MadSci Network: Chemistry

Re: Why is carribean water so blue

Date: Mon Apr 5 08:58:18 1999
Posted By: Eli Hestermann, Grad Student Biological Oceanography
Area of science: Chemistry
ID: 923207150.Ch

The main reason for the difference in color is the greater abundance of 
phytoplankton in the water off North Carolina.  Just like plant pigments 
give them a green color, phytoplankton pigments do the same thing and give 
the water its greenish hue in temperate latitudes.

This of course begs the follow-up question: why are phytoplankton so much 
more abundant in those waters?  At first this does seem counterintuitive, 
because phytoplankton, like land plants, do grow faster in warmer 
conditions, so one would expect that they would be more abundant in the 
warmer waters of the Carribean.  Phytoplankton aren't as abundant in these 
warmer waters because they lack nutrients.

Nutrients (primarily nitrogen and phosphorous compounds) are much more 
abundant in deeper waters, and in the waters off North Carolina these deep 
waters are periodically mixed to the surface, whereas in tropical waters 
they are not.  Oceans in warm areas have a surface layer of warmer water 
and a deeper layer of colder water.  There is not much mixing across the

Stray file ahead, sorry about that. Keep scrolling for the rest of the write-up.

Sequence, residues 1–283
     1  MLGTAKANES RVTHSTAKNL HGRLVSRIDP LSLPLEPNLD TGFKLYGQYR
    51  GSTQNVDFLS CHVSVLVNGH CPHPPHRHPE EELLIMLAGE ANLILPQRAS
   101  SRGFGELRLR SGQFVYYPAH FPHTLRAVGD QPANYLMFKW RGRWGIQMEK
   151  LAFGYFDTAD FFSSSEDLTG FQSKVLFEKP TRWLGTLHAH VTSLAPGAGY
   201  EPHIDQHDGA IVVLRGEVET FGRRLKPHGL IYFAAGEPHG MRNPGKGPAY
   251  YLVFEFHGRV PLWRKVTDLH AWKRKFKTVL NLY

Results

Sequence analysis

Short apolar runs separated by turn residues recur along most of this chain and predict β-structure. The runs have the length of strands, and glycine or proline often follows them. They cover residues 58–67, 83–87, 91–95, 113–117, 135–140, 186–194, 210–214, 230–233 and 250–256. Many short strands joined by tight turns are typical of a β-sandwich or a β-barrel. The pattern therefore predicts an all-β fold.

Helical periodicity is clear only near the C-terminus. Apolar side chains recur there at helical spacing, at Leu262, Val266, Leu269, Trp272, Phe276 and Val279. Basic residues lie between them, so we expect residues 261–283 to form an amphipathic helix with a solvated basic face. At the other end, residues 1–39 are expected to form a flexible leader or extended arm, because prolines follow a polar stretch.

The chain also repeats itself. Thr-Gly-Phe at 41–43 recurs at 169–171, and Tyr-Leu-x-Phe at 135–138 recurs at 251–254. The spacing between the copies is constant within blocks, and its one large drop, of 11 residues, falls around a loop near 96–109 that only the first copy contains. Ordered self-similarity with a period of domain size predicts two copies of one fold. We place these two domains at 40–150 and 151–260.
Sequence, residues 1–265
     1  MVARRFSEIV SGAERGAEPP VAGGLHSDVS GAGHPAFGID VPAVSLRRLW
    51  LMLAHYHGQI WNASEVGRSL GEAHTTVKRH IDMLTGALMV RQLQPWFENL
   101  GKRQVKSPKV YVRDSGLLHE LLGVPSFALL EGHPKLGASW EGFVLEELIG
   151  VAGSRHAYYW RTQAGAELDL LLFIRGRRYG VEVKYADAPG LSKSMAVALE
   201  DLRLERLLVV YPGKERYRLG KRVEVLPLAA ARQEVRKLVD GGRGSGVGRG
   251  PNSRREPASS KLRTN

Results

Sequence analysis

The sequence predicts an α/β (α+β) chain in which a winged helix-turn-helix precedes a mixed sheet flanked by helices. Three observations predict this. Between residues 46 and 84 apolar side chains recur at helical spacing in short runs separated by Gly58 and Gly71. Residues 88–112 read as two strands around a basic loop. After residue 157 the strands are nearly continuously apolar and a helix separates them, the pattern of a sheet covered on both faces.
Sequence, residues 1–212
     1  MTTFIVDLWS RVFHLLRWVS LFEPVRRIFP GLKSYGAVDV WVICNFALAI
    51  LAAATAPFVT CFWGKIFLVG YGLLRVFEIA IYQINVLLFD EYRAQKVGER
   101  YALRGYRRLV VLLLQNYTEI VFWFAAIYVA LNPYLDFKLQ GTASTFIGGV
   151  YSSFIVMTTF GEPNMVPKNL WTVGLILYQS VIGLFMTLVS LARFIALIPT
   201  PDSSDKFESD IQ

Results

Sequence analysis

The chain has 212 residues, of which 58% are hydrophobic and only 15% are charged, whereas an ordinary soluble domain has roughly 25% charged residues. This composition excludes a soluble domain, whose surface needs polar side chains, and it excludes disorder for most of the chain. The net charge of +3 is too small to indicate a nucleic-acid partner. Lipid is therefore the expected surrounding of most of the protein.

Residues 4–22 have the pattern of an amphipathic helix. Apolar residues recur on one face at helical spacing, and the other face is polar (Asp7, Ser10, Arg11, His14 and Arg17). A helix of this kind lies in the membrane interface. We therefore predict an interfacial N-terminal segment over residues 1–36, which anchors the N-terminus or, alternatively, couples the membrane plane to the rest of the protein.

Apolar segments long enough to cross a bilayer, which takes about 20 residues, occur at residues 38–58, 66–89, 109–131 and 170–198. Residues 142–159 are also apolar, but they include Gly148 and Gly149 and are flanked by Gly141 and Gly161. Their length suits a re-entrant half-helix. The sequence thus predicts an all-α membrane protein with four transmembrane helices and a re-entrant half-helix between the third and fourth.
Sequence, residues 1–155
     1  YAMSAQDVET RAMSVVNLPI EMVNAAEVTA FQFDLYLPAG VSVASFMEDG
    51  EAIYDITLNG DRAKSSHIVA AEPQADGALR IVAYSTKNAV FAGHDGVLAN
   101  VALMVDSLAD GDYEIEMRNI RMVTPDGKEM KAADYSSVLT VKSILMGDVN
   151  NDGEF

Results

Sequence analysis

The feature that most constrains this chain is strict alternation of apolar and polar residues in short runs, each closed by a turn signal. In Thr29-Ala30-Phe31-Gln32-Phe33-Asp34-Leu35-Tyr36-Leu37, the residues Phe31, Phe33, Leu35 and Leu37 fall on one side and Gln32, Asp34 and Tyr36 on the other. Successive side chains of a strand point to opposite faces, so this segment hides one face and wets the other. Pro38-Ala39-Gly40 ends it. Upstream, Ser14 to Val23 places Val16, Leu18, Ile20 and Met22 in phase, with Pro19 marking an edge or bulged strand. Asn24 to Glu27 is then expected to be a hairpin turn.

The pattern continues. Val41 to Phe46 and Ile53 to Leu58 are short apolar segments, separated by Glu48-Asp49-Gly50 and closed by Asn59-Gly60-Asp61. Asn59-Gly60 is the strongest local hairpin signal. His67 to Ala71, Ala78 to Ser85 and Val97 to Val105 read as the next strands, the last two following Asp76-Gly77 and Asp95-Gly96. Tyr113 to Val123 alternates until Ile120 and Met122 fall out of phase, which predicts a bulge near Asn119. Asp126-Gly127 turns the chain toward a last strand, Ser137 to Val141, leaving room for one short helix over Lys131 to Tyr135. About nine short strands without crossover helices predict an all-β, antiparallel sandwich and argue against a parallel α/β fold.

boundary between the two layers, which is called the thermocline.  

Even temperate waters like those off North Carolina have a thermocline in 
the summer, and there is not as much phytoplankton production there during 
that season.  However, colder temperatures and greater storm activity 
during the winter do mix nutrients to the surface waters where 
phytoplankton can use them.

The study of the best conditions for phytoplankton growth has been going on 
for over a century and continues to be an area of intense research.  The 
field was kicked off laregely because people wanted to know why some waters 
were so much more green at certain times of year!

Current Queue | Current Queue for Chemistry | Chemistry archives

Try the links in the MadSci Library for more information on Chemistry.

MadSci Home | Information | Search | Random Knowledge Generator | MadSci Archives | Mad Library | MAD Labs | MAD FAQs | Ask a ? | Join Us! | Help Support MadSci

MadSci Network,
© 1995-1999. All rights reserved.